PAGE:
What's Toni Morrison's purpose for writing "Song of Solomon"?
Morrison's novel conveys several themes which help us to understand what her purpose may have been for writing it. First, the book shows how important it is to understand one's heritage in order to develop and understand one's own identity. Milkman has lived a relatively sheltered existence in that he has never had to think about anyone besides himself. However, once he does begin to learn about "his people"—his family and ancestors—he begins to develop empathy and compassion for others and to better understand his own identity and position in the world. He stops "peeing on other people" as his sister, Lena, would say, and he begins to treat others with dignity (think of Sweet).
Milkman's journey also shows that separation from the familiar presents major opportunities for growth. To a certain extent, his routine at home had led him to be complacent; it was a kind of stagnating force that prevented him from undergoing any real growth. It is stepping out of his comfort zone, and going to places where he does not have the privilege associated with his family name, that enables him to both find himself and grow as a person from the somewhat selfish man he was to begin with.
Thirdly, Morrison also conveys the idea that desperation for love can be ruinous, especially for a woman; we cannot allow the love of another individual to determine our self-worth. We see this through Hagar's character. Hagar learned to rely on Milkman for her sense of self, and only seemed to love herself when he wanted her. When his desire ended, she began to question herself and came to believe that she was not good enough. Her desperation to be loved by him made her murderous and, in the end, severely depressed. She could not live without him, and she died tragically, leaving her mother and grandmother, especially, to grieve terribly.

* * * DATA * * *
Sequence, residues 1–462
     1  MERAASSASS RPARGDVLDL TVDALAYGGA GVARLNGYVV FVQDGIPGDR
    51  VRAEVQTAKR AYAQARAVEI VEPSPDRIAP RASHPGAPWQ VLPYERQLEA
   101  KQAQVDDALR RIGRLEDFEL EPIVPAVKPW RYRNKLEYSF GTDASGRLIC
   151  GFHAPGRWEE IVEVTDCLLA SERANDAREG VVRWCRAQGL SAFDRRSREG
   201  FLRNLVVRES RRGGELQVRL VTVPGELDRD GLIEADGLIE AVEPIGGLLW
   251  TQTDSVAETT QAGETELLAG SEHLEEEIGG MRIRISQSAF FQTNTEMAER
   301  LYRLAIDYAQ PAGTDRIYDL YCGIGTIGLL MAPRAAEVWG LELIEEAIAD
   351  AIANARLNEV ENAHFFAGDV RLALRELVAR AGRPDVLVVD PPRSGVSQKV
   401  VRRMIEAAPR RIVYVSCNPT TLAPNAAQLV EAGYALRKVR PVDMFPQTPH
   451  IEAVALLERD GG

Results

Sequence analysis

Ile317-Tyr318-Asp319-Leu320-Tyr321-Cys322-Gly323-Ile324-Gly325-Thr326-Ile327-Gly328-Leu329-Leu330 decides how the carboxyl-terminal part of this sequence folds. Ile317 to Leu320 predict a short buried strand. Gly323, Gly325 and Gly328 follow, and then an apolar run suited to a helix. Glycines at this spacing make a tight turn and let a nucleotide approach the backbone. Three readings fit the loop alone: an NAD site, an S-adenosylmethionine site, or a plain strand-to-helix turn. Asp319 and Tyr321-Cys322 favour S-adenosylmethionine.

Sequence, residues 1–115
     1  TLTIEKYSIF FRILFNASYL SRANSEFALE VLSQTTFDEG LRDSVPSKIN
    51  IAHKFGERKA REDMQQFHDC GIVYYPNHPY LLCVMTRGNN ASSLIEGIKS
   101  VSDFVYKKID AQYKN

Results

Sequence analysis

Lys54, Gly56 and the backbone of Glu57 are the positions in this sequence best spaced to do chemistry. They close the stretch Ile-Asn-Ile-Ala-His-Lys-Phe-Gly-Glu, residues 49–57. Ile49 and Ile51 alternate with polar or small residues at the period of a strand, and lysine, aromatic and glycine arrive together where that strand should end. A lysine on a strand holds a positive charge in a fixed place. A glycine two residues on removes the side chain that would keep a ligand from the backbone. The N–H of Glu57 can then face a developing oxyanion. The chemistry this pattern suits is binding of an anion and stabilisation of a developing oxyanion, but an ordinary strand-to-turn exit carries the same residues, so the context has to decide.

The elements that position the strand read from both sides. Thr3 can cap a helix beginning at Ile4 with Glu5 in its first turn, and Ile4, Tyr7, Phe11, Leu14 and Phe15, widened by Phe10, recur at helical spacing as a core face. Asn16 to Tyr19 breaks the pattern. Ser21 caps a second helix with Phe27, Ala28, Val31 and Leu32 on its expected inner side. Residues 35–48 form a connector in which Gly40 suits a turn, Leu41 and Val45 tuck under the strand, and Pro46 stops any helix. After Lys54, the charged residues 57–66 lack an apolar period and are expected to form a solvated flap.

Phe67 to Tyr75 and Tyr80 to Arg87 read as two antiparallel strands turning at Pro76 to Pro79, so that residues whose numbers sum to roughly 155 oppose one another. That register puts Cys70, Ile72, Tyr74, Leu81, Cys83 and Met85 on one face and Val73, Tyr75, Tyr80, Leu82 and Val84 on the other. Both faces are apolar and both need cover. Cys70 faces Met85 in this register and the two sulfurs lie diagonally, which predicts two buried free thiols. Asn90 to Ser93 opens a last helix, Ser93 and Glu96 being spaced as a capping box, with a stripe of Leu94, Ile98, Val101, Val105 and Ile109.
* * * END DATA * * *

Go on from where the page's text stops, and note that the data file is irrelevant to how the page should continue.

Morrison says she writes in order to show her readers the viewpoint of African Americans. She thinks "black people have a story, and that story has to be heard." She categorizes her novels as "village literature" because they reflect "old values" and not "urban values". In her effort to restore the heritage of black culture, Morrison uses black oral history and myth. This novel begins on Morrison's birth date and mostly takes place in the 1950s and 1960s. She includes actual historical events in her novel that centers around racism, segregation, and the civil rights movement. The reader is able to witness these events through the characters Morrison creates. Regardless of the color of your skin, you can empathize with the characters in the novel. Anyone who isn't African American can understand to some degree what it was like during this historical time, and that is no small feat. Morrison has a gift for capturing the language and experience of African Americans that few other authors are able to do. Critics of Song of Solomon said that "the authors perceptions are human, rather than racist, and whites who read her will feel something--will live something--of what it means to be born black in America."
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